Dictionary Cache:

Also known as row cache as it holds data as complete row instead of specific block
Dictionary contains metadata of the objects & views , structure & its users/privileges

Oracle flushes the shared pool when…
-Analyze statement is used to update the objects stats
-Objects is Modified
-Objects is Invalidate/Re-validated, re-compilation
-alter system flush shared_pool; is executed

Use below query to get all components of shared pool:
select pool, name, bytes   from v$sgastat where pool like '%shared_pool%' order by pool, name;

    3. Large Pool

Large pool was brought in to optimize shared pool by isolating heavy IO servers operation like Backup/restoration using parameter LARGE_POOL_SIZE.
Large Pool allocates memory required during disk IO server process operations of Backup & recovery.
Also parallel query buffers & Oracle XA memory allocation taken care by large pool

select pool, name, bytes   from v$sgastat where pool like '%large_pool%' order by pool, name;

    4. Java Pool

Java pool memory is used for all session-specific Java code and data within the JVM.
The Java Pool Advisor statistics provide information about library cache memory used for Java and predict how changes in the size of the Java pool can affect the parse rate. The Java Pool Advisor is internally turned on when statistics_level is set to TYPICAL or higher. These statistics resets when the advisor is turned off.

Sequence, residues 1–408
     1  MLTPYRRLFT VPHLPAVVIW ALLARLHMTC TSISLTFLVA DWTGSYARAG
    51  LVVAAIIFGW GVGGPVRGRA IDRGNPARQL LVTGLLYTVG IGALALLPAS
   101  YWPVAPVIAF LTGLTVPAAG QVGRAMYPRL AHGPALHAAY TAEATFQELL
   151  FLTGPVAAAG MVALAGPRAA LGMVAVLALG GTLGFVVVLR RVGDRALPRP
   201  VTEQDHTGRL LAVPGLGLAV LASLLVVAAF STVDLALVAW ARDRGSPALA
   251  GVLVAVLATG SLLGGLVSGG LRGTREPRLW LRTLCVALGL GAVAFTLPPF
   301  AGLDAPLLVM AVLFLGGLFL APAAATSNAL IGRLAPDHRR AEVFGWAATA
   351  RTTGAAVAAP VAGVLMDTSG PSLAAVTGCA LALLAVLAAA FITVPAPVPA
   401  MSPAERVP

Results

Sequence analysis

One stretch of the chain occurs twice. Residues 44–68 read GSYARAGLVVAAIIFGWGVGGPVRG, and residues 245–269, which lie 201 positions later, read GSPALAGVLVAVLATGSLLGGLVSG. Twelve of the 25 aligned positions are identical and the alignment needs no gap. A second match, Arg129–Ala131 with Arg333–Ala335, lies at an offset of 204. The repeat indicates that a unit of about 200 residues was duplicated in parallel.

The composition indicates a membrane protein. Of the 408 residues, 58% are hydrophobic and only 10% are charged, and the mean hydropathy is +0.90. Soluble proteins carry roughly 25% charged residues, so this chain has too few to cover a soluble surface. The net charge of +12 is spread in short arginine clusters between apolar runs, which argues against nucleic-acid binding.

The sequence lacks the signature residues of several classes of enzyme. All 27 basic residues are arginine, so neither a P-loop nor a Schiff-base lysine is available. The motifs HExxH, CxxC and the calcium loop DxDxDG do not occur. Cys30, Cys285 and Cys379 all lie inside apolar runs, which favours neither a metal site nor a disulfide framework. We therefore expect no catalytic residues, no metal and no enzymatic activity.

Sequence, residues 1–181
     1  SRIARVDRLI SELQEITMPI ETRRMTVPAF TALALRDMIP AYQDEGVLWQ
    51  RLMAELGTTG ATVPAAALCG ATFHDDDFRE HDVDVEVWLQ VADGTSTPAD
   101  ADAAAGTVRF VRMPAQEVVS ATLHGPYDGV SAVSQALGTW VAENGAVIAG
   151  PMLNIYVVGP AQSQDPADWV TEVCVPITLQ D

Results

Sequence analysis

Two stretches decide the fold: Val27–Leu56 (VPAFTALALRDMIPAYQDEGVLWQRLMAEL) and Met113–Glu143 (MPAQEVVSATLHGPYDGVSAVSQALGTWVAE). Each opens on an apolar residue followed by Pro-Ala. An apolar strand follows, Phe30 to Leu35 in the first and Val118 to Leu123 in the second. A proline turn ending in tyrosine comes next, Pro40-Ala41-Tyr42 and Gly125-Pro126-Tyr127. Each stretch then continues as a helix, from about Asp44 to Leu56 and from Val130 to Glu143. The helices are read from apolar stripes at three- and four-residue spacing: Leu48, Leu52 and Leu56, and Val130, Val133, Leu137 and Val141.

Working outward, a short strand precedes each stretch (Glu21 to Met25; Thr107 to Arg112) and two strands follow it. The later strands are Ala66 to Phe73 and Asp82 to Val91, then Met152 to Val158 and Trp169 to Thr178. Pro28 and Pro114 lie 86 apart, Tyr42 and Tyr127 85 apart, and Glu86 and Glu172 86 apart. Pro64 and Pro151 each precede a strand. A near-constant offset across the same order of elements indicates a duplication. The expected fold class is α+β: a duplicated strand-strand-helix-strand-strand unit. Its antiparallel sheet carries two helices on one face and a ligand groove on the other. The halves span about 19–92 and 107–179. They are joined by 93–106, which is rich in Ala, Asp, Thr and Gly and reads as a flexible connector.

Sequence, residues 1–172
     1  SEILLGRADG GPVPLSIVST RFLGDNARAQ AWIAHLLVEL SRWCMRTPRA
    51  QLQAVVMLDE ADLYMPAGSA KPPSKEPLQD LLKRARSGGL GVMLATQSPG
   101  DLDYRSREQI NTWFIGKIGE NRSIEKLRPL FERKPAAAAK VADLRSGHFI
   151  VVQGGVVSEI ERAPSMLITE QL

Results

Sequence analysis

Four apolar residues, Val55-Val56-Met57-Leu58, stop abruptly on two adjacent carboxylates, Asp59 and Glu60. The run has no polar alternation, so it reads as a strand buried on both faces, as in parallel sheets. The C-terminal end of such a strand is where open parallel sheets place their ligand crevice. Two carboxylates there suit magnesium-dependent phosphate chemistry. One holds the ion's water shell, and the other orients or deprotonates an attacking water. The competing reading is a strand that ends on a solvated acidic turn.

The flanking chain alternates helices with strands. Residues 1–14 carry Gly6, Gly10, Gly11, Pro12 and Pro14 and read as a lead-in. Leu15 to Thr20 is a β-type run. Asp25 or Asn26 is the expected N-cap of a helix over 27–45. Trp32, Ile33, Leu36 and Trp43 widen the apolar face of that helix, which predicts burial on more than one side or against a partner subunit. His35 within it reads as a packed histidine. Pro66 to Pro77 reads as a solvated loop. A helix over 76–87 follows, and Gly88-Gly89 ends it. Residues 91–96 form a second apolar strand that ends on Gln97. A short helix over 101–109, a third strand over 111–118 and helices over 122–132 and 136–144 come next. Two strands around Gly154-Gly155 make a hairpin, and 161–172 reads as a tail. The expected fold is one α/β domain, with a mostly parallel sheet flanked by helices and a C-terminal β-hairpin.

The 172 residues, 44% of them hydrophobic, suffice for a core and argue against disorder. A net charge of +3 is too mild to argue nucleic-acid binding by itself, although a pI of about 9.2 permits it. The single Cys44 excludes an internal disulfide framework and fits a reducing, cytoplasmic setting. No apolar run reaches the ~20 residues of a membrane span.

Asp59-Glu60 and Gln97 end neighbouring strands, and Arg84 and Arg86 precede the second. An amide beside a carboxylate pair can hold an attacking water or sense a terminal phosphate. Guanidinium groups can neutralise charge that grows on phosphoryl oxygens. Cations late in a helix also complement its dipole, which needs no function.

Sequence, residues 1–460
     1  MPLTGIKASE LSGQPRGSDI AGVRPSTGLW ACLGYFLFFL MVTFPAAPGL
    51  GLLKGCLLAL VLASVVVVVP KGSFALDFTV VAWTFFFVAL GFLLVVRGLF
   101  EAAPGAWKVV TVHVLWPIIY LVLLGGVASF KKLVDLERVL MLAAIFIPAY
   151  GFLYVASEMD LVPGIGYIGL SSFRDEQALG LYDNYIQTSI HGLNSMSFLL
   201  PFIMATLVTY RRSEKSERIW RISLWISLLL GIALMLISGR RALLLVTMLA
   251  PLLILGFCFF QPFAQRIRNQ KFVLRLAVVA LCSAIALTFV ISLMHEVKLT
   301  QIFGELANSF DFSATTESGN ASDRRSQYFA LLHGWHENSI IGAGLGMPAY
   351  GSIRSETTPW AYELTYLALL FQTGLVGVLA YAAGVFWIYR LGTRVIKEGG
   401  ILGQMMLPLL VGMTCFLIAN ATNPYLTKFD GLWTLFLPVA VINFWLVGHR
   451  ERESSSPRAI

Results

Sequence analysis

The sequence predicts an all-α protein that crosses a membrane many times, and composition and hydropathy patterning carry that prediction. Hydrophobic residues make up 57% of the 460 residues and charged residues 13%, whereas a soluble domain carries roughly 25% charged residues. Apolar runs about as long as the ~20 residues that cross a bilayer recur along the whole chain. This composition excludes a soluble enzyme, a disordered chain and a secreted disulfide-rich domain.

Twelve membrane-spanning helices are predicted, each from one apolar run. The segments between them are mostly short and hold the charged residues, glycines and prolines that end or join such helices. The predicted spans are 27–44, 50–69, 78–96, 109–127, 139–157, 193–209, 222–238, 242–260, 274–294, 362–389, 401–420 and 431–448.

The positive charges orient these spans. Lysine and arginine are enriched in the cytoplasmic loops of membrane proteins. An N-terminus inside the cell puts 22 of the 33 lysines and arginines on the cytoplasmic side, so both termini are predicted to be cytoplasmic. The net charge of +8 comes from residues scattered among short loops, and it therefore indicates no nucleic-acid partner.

select pool, name, bytes   from v$sgastat where pool like '%java%' order by pool, name;

    5.  Redo Buffer

Redo Log Buffer is circular buffer residing in SGA. It holds redo entries generated due to DB changes. Redo Entries contains information to reconstruct the changes made to database by DML(insert, update,delete) & DDL (alter, create or replace , drop , truncate ) operations. Redo Buffer is flushed to Redo Log files required for Recovery.
log_buffer parameter sets the buffer value in SGA, which is not auto tuned by ASMM(Automatic Shared Memory Management).
The server processes generate redo data into the log buffer as they make changes to the data blocks in the buffer. LGWR subsequently writes entries from the redo log buffer to the online redo log 
   6. Fixed SGA